Facing a future of fire, drought, and rising oceans, Australians will have to weigh the choice between getting out early or staying to fight.
When tiny flakes of white ash started falling like warm snow from a sky sullen with smoke, we left. We had lived for weeks with the threat of two huge bushfires hanging over our small Australian town, advancing inexorably toward us from the north and the south. My hometown of Blackheath, perched at the top of the Blue Mountains, surrounded by stunning but drought-parched Australian wilderness, was in the center of this flaming pincer.
The kids had just come home from their final day of school in December when our neighbor messaged to say there were concerns that the northern fire, which had already burned through nearly 2,000 square miles of national park, would hit Blackheath that night. Fire authorities had warned of dire conditions in the following few days: high temperatures, low humidity, and wind.
So we fled east down the mountains, heading for the coast and the relative safety of Sydney, nearly 60 miles away. We returned five days later to our scorched land, the house untouched thanks to the courageous actions of neighbors and firefighters.
Australians pride themselves on being battlers, on facing down terrible odds and triumphing against whatever this land of droughts and flooding rains—and bushfires—can throw at us. Yet one of the most defining moments in modern Australian nationhood was actually a retreat. In one of the greatest military-campaign failures of World War I, the Australian and New Zealand Army Corps—the ANZACs—staged an ingenious escape from the shores of Gallipoli in 1915 after a bitter, futile eight-month battle with Ottoman forces.
“This is our Gallipoli; this is our bushfire Gallipoli,” says David Bowman, a professor of environmental-change biology at the University of Tasmania. He’s talking about the bushfires that began in the spring of September 2019, that have burned in every state and territory, that have claimed at least 24 lives, that have destroyed nearly 1,800 homes, and that have turned more than 8.4 million hectares of land into lifeless charcoal. They have led to one of the largest peacetime evacuations in Australia’s history, as fire authorities in two states instructed tens of thousands of holidaymakers and residents to remove themselves from the path of several flaming juggernauts. In an echo of the Gallipoli retreat, thousands had to be rescued from beaches by the Australian navy and air force. In the face of these unprecedented fires, Australians appear to be listening less to the inner voice of the Aussie battler, and instead heeding the pleas and warnings of fire authorities.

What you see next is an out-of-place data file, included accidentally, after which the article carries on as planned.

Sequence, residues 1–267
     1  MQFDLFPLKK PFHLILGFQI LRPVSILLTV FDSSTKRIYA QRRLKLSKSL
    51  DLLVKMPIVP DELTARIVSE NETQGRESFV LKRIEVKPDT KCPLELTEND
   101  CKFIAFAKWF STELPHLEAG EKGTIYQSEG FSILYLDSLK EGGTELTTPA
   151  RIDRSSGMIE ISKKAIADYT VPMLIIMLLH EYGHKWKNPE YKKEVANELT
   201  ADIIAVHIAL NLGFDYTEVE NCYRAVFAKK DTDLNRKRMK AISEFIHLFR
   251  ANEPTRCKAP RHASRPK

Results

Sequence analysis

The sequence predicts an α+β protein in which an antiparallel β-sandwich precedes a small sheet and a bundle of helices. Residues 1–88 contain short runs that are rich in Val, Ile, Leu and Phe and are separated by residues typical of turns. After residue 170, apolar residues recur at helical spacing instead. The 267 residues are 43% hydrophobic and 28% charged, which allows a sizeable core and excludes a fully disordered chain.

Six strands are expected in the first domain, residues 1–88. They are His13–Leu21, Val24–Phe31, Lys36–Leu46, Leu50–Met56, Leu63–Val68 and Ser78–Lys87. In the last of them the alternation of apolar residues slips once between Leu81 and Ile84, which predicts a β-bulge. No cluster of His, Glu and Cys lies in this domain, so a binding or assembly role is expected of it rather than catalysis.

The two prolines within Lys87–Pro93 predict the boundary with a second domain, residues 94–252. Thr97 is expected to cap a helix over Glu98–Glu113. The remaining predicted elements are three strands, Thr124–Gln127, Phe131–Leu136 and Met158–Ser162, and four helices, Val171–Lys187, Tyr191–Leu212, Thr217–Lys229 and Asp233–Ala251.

Eleven years ago, the mind-set of bushfire response was different. Before the devastating Black Saturday bushfires in the southeastern state of Victoria, which killed 173 people over two cataclysmic days in 2009, the accepted wisdom on bushfires was “stay and defend, or leave early.” After Black Saturday, a new category of bushfire warning was introduced, labeled “Code Red” in Victoria, and “Catastrophic” in New South Wales. The unambiguous message of the new warning was “for your survival, leaving early is the only option.”
It appears the message is cutting through, says Richard Thornton, CEO of the Bushfire and Natural Hazards Cooperative Research Centre. “With the magnitude of these fires, and particularly with the fires that occurred in the Blue Mountains and Mallacoota—in heavily populated areas—that we didn’t end up with a Black Saturday–type fatality list is a sign that something is different in these fires.”
But what happens after the fires have passed through, and Australians return to either their intact homes or smoking ruins, dead cattle, a blackened moonscape where crops once grew? The lucky ones give thanks and get on with their life. The unlucky ones grieve, rage, shake their fist at Fate—and defiantly rebuild on the same ground. The battler spirit triumphs again, but for how long?
As the country suffers through one of its worst droughts on record, and heat waves shatter temperature records not once but twice within the same summer week, some are asking whether Australians can afford to keep returning to the same parched, scorched landscapes that they have occupied not just since the European invasion two and a half centuries ago, but for tens of thousands of years before that. Even before climate change, survival—particularly of agriculture—in some parts of Australia was precarious. Farmers were so often rescued from the very edge of disaster by long-overdue rains that arrived just in time. Now the effects of climate change are making that scenario even less likely, and this bushfire season and drought are but a herald of things to come…